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Whether you are hiking in the woods or working in the yard, bites and stings are always a possibility. When animals bite, they can leave wounds and germs behind, including bacteria and viruses. A sting from an insect can leave the stinger or venom in the skin, causing infection and allergic reactions.
At Dignity Health, our doctors offer care to treat these common types of bites and stings in Arizona:
If you are experiencing a life-threatening symptom or allergic reaction to an animal bite or insect sting, call 9-1-1.
Most bites and stings are minor injuries and can often be treated at home. However, you should get immediate medical care for the following situations:
You should go directly to your nearest ER or call 9-1-1 if you have any of these symptoms:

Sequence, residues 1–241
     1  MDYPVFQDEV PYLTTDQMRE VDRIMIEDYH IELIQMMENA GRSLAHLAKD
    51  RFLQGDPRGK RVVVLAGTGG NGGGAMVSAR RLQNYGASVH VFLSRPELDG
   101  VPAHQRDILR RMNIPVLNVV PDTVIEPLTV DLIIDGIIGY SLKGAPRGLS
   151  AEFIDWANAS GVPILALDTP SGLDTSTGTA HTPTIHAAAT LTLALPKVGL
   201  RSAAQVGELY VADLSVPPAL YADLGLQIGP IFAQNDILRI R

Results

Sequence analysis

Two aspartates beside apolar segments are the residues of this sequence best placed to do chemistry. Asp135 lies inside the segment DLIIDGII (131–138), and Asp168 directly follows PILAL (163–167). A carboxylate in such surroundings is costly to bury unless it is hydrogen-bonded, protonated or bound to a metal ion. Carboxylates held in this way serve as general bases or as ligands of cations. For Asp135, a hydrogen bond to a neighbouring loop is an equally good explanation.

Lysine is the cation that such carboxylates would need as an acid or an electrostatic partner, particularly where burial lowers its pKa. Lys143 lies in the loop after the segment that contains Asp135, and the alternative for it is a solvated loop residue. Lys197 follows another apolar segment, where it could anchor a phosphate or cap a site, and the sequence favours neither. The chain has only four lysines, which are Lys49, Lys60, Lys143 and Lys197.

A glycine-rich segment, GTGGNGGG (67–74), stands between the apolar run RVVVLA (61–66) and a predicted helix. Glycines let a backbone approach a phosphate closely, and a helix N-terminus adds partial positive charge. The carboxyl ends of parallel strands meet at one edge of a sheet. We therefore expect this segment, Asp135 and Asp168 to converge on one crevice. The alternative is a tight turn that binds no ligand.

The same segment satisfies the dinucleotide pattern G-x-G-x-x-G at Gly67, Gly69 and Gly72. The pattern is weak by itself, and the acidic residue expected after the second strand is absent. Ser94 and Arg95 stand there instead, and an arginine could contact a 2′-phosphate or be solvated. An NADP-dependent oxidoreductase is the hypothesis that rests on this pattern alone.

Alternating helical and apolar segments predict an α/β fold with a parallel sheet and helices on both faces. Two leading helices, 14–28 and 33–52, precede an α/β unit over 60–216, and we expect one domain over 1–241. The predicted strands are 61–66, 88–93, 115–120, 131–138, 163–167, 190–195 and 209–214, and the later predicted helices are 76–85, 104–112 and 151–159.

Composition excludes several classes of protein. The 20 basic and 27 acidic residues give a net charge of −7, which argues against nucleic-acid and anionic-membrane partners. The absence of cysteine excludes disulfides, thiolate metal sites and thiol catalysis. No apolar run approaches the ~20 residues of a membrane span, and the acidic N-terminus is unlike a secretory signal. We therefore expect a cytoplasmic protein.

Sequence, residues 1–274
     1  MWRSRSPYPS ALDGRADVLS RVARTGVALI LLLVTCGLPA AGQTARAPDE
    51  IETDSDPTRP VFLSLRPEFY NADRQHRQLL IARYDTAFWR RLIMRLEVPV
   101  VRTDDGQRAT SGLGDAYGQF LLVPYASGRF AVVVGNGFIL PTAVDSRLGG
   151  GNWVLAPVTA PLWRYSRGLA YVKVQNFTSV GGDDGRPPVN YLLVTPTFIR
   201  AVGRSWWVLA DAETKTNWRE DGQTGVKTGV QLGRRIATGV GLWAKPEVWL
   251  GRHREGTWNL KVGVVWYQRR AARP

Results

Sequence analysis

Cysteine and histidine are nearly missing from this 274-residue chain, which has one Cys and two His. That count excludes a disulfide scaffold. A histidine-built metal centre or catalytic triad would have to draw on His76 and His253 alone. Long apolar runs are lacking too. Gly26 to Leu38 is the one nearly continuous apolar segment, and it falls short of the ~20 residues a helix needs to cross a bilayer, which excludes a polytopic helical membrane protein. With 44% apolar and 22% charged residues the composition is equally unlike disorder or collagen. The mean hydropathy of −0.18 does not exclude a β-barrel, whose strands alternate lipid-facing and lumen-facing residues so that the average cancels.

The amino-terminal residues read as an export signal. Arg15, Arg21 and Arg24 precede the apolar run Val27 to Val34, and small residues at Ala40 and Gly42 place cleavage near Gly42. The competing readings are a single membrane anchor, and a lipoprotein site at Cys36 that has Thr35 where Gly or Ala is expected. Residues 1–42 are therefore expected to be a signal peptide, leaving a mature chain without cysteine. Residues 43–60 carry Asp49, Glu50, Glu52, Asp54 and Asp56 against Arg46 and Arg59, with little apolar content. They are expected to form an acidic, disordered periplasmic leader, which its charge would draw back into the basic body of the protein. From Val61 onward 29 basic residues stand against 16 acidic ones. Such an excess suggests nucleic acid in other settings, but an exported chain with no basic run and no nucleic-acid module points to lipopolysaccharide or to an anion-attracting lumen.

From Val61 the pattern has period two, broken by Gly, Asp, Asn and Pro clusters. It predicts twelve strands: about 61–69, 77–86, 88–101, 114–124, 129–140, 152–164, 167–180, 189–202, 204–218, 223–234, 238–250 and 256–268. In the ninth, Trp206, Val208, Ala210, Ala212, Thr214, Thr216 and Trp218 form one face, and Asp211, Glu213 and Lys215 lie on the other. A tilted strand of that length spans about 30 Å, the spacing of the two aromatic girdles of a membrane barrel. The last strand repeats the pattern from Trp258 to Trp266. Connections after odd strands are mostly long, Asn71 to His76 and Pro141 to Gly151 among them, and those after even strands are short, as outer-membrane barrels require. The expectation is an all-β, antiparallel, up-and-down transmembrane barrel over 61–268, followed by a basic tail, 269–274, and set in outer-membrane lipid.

If you need to go to the emergency room (ER), take advantage of our InQuicker™ online tool by selecting your estimated hospital arrival time and wait at home until your time to be seen.
The most common signs of bites are minor wounds or deep punctures. Either of these can lead to infection without proper care. Symptoms of possible infection include swelling, redness, warmth, or oozing from the wound.
Symptoms of insect stings are pain and discomfort, swelling, redness, itching, and feeling hot to the touch. It is possible to have an allergic reaction to a sting. Sometimes, the reaction is a life-threatening condition called anaphylaxis.
Treatment of bites and stings depends on your symptoms and whether or not you are allergic. Treatment may take place at home, in a doctor’s office, outpatient emergency care clinic, or a hospital’s ER department.
You should get emergency care for wounds that may require stitches. If you are allergic to stings, administer your epinephrine auto-injector (if you have one) and call 9-1-1.